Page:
- Year 2023
- NSF Noyce Award # 2050336
- First Name Corin
- Last Name Slown
- Discipline STEM Education (general)
Dennis Kombe and Joanne Lieberman, CSUMB; Sara Decelle, Cabrillo College; Mary Rayappan, Hartnell College; Jaye Luke, Monterey Peninsula College
a) A qualified and adaptive science, technology, engineering, and mathematics (STEM) national workforce requires qualified and innovative STEM teachers. b) The Rural Integrated STEM Education Ready (RISE Ready) Program addresses the urgent need for qualified and adaptive STEM teachers. To improve the next generation of STEM students’ achievement and engagement, the RISE Ready Program will recruit, prepare, and support community college and lower division underrepresented minority (URM) STEM students to serve in rural, high need local education agencies as Middle School and High School highly qualified STEM teachers. c) Transforming early experiences of future teachers from the local region will develop qualified STEM educators capable of investing in the next generation of scientists in rural districts and communities. This project targets early teaching and learning experiences for community college and lower division undergraduates.
What critical features (such as onset, duration, and frequency) of early teaching and learning experiences that should be included in the design of STEM teacher preparation?
a) Transformative Learning (TL) expands students’ perspectives of their relationship with self, others, and community (Mezirow, 1997). Support and assistance for beginning teachers, especially advising and mentoring, have a positive impact on three sets of outcomes: teacher commitment and retention, teacher instructional practices, and student achievement. Opportunities for reflection and metacognition improve learning, and feedback on “21st century” skills promotes a holistic view of the emerging STEM teacher. The Student Transformative Learning Record (STLR) and protocols for reflection and mentoring around high leverage practices in teaching (King and Wimmer, 2020), along with the TSTEM survey (Friday Institute, 2018) provide a mixed methods approach including both quantitative and qualitative analysis.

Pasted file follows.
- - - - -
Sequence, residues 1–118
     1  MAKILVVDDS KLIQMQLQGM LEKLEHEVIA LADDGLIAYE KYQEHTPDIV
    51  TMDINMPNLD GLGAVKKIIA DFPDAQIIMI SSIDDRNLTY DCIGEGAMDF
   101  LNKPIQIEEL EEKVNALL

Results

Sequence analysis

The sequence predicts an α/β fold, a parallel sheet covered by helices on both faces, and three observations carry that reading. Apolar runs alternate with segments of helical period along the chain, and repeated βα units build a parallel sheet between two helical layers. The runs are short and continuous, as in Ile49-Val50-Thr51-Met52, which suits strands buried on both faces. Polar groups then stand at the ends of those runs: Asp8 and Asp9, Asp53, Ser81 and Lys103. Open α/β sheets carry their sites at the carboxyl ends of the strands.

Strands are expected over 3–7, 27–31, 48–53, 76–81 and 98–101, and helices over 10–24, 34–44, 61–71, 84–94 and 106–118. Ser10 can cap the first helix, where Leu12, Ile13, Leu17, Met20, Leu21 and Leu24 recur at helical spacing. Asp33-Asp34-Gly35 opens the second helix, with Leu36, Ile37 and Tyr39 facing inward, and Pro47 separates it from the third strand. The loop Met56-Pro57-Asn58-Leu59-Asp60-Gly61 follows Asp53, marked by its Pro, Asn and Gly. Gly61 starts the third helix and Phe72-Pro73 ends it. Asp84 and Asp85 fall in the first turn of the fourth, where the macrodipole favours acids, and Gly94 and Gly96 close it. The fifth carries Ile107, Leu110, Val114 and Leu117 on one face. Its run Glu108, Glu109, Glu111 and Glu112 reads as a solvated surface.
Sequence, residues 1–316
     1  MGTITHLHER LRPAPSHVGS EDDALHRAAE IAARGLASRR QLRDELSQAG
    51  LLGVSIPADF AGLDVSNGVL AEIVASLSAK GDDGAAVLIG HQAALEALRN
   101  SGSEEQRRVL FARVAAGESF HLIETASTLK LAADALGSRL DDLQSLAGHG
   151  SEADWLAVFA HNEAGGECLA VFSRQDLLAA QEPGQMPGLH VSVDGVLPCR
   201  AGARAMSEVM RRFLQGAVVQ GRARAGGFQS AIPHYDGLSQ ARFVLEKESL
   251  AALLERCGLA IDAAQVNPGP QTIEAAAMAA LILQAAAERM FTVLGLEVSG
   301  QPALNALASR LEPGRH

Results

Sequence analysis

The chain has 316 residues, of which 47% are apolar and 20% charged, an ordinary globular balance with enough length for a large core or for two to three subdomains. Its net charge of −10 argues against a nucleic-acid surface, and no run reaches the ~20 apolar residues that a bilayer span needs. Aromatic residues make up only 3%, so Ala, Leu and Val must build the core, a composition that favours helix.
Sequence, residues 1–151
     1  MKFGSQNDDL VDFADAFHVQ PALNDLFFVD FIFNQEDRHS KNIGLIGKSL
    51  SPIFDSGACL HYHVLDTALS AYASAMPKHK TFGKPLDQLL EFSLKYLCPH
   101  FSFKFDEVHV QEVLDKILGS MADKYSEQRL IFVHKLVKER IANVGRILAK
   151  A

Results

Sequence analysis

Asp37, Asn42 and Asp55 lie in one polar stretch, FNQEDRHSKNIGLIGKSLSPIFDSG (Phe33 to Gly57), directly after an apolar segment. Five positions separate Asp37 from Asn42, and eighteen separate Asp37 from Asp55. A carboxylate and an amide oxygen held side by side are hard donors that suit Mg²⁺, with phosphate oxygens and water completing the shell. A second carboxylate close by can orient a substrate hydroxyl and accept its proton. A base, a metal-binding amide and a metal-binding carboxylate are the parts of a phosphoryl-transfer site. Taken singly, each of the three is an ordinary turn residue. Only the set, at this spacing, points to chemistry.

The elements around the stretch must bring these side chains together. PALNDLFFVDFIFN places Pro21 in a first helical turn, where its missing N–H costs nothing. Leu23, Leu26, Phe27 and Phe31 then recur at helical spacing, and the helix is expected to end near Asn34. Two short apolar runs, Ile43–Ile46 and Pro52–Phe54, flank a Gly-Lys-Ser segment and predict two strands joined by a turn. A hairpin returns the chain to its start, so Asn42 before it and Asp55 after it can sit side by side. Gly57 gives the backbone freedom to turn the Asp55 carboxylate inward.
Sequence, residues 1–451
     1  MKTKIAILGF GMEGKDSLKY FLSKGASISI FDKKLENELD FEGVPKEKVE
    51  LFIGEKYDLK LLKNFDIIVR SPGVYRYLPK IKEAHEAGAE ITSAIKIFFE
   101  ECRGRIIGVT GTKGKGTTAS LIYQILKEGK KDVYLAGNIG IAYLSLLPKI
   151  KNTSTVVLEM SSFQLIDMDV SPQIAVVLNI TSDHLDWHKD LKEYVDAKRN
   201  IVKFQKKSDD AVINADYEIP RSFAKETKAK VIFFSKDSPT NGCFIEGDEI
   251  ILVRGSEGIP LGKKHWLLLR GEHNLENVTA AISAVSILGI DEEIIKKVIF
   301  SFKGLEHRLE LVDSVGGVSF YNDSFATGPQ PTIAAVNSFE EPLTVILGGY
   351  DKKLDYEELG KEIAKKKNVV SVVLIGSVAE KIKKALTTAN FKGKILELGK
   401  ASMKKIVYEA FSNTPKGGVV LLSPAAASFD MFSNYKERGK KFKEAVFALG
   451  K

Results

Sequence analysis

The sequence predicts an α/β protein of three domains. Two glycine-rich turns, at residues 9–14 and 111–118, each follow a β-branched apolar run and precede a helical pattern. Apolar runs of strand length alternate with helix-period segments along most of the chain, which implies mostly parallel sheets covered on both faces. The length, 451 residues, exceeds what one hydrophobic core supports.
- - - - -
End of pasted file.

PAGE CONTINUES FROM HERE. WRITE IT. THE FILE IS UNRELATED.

a) Over 50 students have generated 250 reflections regarding early teaching and learning experiences. Findings include several emerging themes from qualitative coding and inferential as well as descriptive statistics from the TSTEM survey. b) Key deliverables include the first cohort of graduates from the credential program (7 students), the next cohort entering the credential program (8 students). c) We are currently recruiting and selecting the third cohort.
a) California enrolled 5.8 million students in K-12 public schools. Over half (54.2%) of those students are Hispanic. Data indicate that in California, only 20% of the teachers are Hispanic and only 35% in total are URM (CDE, 2023). b) We will benefit Hispanic rural California communities by recruiting, preparing, and supporting 30 new math and science minority teachers in their early careers. The majority of school districts in California’s Central Coast region are classified as rural and serve primarily Hispanic and socioeconomically disadvantaged (SED) students. By diversifying the demographics of STEM teachers in Central California, these highly qualified STEM teachers will serve as STEM leaders for over 20,000 K-12 students per year in their communities. With a projected 8.8% growth in STEM jobs between 2018 and 2028 (ICES, 2020), ensuring students have access to quality STEM education in rural communities is critical. c) Continue to collaborate with regional partners around developing pathways to STEM teaching.